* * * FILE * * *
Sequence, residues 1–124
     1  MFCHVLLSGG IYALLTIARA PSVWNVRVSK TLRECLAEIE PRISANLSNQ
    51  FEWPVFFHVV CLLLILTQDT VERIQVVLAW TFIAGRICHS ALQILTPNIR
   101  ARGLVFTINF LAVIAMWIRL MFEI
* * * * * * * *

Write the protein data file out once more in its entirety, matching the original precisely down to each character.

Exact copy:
Sequence, residues 1–124
     1  MFCHVLLSGG IYALLTIARA PSVWNVRVSK TLRECLAEIE PRISANLSNQ
    51  FEWPVFFHVV CLLLILTQDT VERIQVVLAW TFIAGRICHS ALQILTPNIR
   101  ARGLVFTINF LAVIAMWIRL MFEI